Scientists find ecosystem early warning alarm

Largemouth bass were introduced into Peter Lake, in Wisconsin, as part of an experiment.
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A three-year experiment conducted on a Wisconsin lake is offering important clues to scientists looking for early warning signs against pending ecosystem collapses.

The test, carried out by a team of ecologists, involved manipulating the food supply of Peter Lake, in Wisconsin, by adding largemouth bass into waters previously populated by smaller algae-eating fish. It was not long before the newcomers destabilized the natural ecosystem by pushing aside their smaller rivals, which fled to shallower waters to escape the predators. That led to subsequent changes in the amount of algae in the lake, as well as a sharp increase in the population of water fleas, shifts that pushed the aquatic system toward a potential tipping point. The researchers say that this marks the first time that these early warning systems have been demonstrated to exist.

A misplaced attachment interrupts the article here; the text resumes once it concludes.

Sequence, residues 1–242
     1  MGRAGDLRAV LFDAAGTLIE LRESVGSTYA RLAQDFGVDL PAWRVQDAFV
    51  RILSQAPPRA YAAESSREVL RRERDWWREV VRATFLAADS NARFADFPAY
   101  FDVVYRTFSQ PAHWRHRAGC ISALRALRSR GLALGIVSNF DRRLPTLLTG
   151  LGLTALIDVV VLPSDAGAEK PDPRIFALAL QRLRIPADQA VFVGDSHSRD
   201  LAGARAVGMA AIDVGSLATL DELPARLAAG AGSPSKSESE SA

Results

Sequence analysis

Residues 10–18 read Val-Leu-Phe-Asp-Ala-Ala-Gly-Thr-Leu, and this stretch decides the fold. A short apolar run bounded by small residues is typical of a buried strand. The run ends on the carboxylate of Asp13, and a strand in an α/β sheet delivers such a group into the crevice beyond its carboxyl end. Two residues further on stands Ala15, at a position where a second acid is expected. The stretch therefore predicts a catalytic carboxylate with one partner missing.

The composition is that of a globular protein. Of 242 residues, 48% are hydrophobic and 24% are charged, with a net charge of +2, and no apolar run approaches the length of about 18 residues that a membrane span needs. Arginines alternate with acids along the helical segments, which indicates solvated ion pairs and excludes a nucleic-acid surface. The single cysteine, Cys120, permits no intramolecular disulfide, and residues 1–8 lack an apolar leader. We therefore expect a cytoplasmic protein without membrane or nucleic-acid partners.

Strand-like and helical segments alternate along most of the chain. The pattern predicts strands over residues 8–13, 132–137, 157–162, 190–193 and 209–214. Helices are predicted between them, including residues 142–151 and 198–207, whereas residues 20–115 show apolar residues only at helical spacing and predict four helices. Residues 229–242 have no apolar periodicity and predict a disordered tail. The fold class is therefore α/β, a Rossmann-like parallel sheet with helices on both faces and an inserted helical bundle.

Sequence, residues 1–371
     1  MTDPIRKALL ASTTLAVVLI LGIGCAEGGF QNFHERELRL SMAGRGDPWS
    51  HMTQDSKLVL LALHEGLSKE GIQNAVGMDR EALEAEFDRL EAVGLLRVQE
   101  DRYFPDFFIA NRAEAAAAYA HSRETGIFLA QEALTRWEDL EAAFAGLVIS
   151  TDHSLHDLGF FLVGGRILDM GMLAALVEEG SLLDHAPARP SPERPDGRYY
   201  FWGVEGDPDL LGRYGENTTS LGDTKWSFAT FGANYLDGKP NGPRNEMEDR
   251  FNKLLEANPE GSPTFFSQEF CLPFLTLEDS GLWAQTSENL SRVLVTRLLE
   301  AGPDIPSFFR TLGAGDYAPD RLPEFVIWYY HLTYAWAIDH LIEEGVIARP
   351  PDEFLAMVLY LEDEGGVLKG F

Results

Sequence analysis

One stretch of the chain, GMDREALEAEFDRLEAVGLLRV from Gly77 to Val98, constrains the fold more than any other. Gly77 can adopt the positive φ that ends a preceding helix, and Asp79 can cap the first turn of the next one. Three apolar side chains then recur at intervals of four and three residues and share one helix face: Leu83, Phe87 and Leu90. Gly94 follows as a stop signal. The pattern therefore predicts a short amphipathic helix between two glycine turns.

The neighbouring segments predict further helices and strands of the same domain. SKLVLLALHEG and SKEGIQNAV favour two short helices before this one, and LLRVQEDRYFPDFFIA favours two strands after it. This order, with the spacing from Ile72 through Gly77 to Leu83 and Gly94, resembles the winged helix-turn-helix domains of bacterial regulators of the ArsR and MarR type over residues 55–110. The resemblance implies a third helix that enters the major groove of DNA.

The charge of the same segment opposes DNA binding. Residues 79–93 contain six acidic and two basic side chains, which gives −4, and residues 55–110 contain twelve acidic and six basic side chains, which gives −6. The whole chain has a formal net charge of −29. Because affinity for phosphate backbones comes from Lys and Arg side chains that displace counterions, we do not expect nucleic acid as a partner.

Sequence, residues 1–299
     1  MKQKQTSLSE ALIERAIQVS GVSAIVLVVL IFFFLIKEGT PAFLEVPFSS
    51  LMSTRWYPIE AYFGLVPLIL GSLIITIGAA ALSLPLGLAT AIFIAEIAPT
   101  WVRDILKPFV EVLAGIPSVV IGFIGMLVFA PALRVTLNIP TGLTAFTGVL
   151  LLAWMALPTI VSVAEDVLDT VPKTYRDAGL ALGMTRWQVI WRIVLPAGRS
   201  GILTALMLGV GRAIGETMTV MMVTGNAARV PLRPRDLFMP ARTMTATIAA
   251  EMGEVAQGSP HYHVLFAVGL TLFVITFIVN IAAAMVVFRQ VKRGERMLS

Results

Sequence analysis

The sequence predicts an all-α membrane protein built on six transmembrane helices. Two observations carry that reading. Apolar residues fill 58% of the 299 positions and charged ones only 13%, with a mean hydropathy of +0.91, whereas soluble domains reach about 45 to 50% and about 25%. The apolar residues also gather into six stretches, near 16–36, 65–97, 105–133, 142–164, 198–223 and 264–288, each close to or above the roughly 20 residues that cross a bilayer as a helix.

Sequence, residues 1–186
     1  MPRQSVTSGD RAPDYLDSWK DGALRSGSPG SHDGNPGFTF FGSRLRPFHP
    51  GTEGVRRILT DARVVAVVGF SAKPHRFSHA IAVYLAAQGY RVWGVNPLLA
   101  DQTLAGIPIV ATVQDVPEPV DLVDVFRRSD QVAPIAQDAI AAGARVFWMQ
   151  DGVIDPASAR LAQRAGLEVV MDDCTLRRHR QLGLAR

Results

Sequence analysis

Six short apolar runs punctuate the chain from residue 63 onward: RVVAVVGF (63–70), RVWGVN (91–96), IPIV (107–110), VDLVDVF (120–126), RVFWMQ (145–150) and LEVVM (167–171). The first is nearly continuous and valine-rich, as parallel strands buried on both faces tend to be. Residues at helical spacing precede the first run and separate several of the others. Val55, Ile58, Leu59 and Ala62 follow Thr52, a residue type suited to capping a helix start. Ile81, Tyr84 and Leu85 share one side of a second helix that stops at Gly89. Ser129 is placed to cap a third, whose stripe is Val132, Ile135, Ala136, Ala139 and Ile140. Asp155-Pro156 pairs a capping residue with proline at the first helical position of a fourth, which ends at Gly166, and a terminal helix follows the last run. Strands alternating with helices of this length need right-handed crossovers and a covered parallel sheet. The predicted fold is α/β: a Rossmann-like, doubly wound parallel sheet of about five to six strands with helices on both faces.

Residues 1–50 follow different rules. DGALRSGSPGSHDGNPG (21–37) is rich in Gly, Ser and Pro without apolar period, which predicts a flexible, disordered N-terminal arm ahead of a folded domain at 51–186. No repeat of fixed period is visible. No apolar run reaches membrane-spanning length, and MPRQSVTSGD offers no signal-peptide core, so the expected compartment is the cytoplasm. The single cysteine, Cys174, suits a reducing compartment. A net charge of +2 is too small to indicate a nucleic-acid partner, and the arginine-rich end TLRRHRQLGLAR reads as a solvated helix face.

"For a long time, ecologists thought these changes couldn't be predicted," said research leader Stephen Carpenter from the University of Wisconsin in Madison. "But we've now shown that they can be foreseen. The early warning is clear; it is a strong signal."

The hope is that the findings can improve ecosystem management to to the point where it becomes more of a predictive science to preserve threatened habitats in other ecosystems.

"The reason that there is so much excitement about these early warning signals is that they are universal," lake ecologist Marten Scheffer of Wageningen University in the Netherlands told ScienceNow. The researchers published their findings in the journal Science.